## Huffman coding is a data compression algorithm. The idea is to assign variable-length codes to the input characters, the length of the assigned codes being based on the frequency of occurrence of the characters in the initial sequence.

**Huffman coding** is a lossless data compression algorithm. The algorithm was invented in 1952 by David Albert Huffman. **Huffman coding** is generally important for compressing data containing frequently occurring characters.

The **frequency factor** is taken into account here because of the notion of information entropy, since the more frequent a character is, the higher its entropy.

### How does Huffman coding work?

The principle of Huffman coding is based on the construction of a tree structure with nodes.

- This algorithm is based on the idea that the best way to code information is to find the optimal length to represent each character in the initial sequence.
- The optimal length of the code corresponding to a character is given by the number of branches that need to be traversed from the top of the Huffman Tree to arrive at this character, which will always be a leaf of the Huffman Tree.

The idea behind the **Huffman Tree** is to minimize the length of the symbols used to encode a message, which in a way means minimizing the size of the tree. But how is the Huffman tree constructed?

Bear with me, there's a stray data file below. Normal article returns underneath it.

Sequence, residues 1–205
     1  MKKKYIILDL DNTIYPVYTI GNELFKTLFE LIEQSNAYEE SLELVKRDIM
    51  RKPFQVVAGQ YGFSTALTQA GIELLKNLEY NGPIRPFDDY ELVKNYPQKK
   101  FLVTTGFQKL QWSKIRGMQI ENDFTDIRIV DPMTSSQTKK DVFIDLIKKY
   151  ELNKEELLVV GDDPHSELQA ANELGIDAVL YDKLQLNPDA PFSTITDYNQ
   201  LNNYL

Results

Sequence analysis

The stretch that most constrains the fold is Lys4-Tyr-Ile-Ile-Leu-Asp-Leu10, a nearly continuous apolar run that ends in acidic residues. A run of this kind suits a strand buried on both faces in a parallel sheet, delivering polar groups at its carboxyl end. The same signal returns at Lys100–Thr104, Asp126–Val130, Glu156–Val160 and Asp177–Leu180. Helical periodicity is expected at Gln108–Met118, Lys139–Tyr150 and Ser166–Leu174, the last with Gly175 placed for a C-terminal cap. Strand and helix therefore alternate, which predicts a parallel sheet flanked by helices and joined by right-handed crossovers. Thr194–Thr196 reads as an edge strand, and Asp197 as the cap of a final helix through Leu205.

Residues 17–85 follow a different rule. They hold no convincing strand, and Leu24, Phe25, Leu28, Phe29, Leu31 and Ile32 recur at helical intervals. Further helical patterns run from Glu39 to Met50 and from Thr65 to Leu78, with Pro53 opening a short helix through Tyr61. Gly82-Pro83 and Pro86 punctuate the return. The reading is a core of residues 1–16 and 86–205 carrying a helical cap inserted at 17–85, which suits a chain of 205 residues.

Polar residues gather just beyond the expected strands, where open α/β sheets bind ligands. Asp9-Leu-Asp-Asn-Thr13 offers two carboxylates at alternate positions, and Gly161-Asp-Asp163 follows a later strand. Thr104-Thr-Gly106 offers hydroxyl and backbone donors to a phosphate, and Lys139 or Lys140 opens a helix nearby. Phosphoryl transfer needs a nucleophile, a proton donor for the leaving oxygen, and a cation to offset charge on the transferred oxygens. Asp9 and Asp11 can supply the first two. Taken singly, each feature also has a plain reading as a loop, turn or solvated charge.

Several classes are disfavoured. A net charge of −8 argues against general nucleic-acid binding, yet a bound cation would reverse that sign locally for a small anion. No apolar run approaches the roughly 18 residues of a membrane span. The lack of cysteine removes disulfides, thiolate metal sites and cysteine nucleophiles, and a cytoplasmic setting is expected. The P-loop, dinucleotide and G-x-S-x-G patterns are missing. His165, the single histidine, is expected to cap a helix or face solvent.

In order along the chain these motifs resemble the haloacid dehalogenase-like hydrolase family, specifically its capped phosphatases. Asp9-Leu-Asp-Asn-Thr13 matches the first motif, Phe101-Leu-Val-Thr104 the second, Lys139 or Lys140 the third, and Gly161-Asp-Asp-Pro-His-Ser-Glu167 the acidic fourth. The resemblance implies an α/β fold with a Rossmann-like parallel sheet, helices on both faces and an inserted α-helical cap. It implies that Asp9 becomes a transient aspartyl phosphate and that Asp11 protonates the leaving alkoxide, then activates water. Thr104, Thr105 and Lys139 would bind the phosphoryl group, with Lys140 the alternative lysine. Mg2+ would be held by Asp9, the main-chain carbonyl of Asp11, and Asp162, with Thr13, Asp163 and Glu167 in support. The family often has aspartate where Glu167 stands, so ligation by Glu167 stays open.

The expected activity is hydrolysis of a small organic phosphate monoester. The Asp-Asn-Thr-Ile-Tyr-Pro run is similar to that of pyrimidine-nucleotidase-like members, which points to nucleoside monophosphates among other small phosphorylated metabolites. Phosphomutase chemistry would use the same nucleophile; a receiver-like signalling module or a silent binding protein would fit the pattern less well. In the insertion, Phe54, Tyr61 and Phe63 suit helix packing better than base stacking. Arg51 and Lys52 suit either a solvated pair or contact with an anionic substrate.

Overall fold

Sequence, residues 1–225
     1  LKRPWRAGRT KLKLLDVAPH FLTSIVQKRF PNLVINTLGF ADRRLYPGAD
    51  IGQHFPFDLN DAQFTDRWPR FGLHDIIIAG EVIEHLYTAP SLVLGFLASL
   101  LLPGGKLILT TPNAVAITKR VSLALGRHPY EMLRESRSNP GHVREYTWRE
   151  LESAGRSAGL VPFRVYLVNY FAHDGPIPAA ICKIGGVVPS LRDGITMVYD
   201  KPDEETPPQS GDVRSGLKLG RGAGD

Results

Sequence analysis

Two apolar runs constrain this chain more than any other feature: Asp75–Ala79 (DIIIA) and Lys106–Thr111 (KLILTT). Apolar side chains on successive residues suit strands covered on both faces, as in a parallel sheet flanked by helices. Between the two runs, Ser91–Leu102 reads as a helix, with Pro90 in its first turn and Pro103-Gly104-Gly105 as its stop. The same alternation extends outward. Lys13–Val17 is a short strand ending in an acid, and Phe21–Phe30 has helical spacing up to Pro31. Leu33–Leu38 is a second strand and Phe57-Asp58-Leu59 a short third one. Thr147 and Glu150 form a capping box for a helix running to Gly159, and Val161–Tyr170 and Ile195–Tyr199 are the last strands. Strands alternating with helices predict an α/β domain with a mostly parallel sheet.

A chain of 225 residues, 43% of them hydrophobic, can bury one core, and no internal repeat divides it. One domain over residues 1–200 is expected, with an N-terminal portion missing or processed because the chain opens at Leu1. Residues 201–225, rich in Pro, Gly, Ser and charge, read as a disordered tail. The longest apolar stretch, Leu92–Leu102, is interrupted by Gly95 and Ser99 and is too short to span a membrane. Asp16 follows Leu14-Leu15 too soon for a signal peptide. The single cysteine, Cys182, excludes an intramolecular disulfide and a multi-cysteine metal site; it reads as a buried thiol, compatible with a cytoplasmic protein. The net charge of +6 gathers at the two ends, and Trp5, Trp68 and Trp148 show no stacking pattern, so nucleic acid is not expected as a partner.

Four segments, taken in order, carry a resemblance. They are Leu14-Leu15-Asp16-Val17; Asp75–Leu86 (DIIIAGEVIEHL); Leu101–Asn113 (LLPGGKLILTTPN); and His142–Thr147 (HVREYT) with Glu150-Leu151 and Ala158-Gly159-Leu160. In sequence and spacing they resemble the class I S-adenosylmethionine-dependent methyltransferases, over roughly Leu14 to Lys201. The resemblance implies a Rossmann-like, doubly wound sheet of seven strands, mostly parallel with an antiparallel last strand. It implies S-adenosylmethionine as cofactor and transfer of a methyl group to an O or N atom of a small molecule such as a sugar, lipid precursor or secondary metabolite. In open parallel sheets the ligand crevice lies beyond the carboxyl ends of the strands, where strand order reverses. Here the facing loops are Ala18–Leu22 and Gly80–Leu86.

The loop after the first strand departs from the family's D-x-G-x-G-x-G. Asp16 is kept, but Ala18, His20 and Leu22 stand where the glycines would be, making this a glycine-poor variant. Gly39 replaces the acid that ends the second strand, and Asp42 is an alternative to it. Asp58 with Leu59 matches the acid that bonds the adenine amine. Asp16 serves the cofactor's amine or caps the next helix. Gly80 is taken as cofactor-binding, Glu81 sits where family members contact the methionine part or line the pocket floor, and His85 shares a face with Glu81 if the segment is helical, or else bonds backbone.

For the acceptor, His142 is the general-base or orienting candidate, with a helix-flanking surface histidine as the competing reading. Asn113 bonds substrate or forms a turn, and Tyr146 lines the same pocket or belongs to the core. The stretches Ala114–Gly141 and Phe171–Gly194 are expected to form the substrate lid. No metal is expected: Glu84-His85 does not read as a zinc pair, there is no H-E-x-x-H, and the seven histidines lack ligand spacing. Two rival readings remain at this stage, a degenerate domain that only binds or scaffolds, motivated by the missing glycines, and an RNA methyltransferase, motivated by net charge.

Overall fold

### What is the principle of Huffman coding?

As for the **construction of the tree,** we associate each time the two nodes with the lowest weights, to give a new “father” node whose weight is equivalent to the sum of the weights of its children.

This process is **repeated until only one node remains:** the root of the Huffman tree, whose weight is the sum of the weights of all the initial leaf nodes.

We **then associate, for example, code 0 with each left-hand branch** and code 1 with each right-hand branch.

To** obtain the binary code of each character**, we run through the tree from top to bottom, each time taking the 0 or 1 character of the branches we pass through, depending on whether we’re going right or left.

### The different stages in the construction of the Huffman Tree

- Construct leaf nodes from each character of the message to be coded, each character being taken into account only once with the different frequencies of appearance of the characters to be arranged in order of priority, the highest priority being those with the lowest frequencies.
- Extract the two lowest-weight nodes in ascending order of frequency, i.e. the node with the lowest frequency should be extracted first.
- Create a new internal node with a frequency equal to the sum of the frequencies of these two nodes. Define the first node extracted as the left-hand child of this node and the second node as the right-hand child. Add the newly created node to the list of remaining nodes.
- Repeat steps 2 and 3 until you have passed through all the nodes obtained in step 1. The remaining node is the root of the tree and construction is complete.

### An example to illustrate coding